So fast forward to a few days ago...All my road tripping brought the jeep up in miles and I finally hit the 100k mark...And I just didn't have a good feeling about it.
And I was right, because just 200 miles after I took this photo, the jeep wasn't happy with me... As I was accellerating from a stop light, I heard a small creaking sound...Hmmm..wonder what could that be? as I head over a bump, I hear a louder snap right after shifting into second gear...not good!
As I coast over to a parking lot, I don't hear any bad noises, steering is good, brakes are good, transmission is good...What the hell was that noise?
As I go to leave again, I knew right away. It was as if the rear axle was trying to walk out from underneath the jeep!
Grabbing a flashlight and inspecting would later show that the rear drivers side upper control arm bracket came clean off the axle...Another reminder that the rust is back and needs to be dealt with...This time its going to be serious...With the current condition of the axles(knuckles, u joints, 3.07 geaarrrss) I'm actually looking into an axle swap, which I will be starting a new thread about for some much needed questions!!!
Oh...And to top it off, I'm working as much as I can, and I have to be back up at school, 300 miles away, in just 2 weeks...Here we go again!!!
So its been over a month, but I'm finally getting around to updating this thread. I ended up picking up a pair of axles from a 2006 with some nice upgrades on it, the bonus being a D44 with limited slip and 3.73 gears.
My plan of attack was to swap out both axles, but also go to town with the wire wheel and load up on por-15 in places I hadn't reached last time. While it seemed like a straight forward swap, This would be the most wrenching I've ever done.
I had access to jack stands and one floor jack, wrenches and a harbor freight angle grinder...The part that worried me was that I only had a week to complete this while I was also working nights at a restaurant. If its one thing I learned, Getting your hands and arms clean enough to serve food after a whole day of wrenching on the ground is tough!
With no time to waste, I parked the jeep and got to work removing the old parts, starting with the rear axle
with the axle removed, it was easy to see why the bracket had just ripped off...
The northeast is not kind, and the rust was bad!
It was at this point I realized that the hard brake lines weren't in much better shape, and just the act of removing them from the plastic clips made the brittle lines snap. I hopped online and ordered a set of pre-bent hard lines from classic tube, hoping they would make it to my front door in time.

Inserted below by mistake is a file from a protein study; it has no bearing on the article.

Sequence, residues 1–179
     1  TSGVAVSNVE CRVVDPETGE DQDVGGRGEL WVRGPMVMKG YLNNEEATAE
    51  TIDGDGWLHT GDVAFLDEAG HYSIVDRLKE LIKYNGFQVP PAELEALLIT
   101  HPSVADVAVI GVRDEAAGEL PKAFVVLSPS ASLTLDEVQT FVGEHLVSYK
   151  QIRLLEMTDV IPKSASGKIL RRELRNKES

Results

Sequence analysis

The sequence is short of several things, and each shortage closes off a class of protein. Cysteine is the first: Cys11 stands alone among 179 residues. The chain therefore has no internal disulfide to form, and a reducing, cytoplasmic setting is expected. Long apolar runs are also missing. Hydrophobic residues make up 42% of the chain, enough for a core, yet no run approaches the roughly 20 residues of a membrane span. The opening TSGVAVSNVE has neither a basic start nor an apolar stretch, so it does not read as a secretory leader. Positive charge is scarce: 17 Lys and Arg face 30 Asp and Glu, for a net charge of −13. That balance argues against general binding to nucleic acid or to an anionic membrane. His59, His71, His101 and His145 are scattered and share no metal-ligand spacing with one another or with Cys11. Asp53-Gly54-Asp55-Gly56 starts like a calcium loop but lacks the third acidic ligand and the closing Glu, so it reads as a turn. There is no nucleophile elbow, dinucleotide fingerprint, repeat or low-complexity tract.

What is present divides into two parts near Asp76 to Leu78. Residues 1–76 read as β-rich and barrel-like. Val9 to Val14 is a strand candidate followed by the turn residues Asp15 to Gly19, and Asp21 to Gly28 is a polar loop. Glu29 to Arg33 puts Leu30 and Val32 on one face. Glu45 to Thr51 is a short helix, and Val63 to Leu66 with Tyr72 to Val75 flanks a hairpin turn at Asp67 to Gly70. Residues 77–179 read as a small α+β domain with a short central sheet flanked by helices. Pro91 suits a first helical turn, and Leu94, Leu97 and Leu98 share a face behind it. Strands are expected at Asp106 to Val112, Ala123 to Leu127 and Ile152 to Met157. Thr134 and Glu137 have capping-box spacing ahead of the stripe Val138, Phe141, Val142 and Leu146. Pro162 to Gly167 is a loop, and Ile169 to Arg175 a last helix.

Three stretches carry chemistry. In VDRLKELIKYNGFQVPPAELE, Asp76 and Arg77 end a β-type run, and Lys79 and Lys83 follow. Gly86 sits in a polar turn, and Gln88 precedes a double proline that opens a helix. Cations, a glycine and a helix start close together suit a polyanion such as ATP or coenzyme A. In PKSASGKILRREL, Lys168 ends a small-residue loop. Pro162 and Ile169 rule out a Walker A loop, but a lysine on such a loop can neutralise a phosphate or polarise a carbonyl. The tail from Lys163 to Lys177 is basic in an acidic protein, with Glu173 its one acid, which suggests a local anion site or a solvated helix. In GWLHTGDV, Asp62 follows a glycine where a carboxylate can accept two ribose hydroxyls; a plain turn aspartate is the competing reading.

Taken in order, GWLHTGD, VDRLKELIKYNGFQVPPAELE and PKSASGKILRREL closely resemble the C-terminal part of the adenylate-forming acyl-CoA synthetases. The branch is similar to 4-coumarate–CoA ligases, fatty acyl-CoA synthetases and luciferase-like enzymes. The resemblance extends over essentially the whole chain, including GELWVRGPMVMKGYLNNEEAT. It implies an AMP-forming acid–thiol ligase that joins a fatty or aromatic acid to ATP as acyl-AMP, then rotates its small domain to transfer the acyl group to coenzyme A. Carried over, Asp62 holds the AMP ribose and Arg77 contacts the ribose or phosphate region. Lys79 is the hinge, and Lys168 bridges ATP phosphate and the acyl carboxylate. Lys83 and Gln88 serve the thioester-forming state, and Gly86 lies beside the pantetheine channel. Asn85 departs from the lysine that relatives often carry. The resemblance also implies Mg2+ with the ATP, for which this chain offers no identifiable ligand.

After cleaning up the new to me D44, I had help from my dad maneuvering the axle into place...This would be tricky with only person, unless you have two floor jacks, so grab a friend or two. One person can wiggle and move the axle while the other is trying to get the bolt through the arms.. Once you get a couple of control arms on the rest is easy.
I put some grade 8 bolts on wherever I needed to replace, including the diff covers. While grade 8 is overkill for the diff cover, I did it for aesthetics and the off chance I get the diff hung up, just be sure to not over torque the diff bolts!
With everything (sans brakes) reconnected, I filled up the diff (Lubelocker re-usable seals are awesome!), gave it a few spins by hand and then let the jeep idle in gear.... Everything was good, until I noticed a little bit of wobble on the drivers side axleshaft.
I was pretty pissed at the time, but The seller was great, and made things right. Besides, the jeep wasn't going anywhere until the brake lines arrived, so another call to Qtech, and some expedited shipping later, I had a new axleshaft with seals and bearings on its way.
With the rear end mostly done, I had to get started on the front. The rust on these knuckles always made me cringe, and a new front end would make the front solid again.
The worst part about pulling the front off was getting the lower control arms off on the axle side....I ended up just unbolting the frame side, at which time help had arrived!
With them working on getting the control arms back..I set off to wirewheel all the mounts and any part of the frame I had missed the year before. Followed by a nice coat of the por 15 again to dry overnight...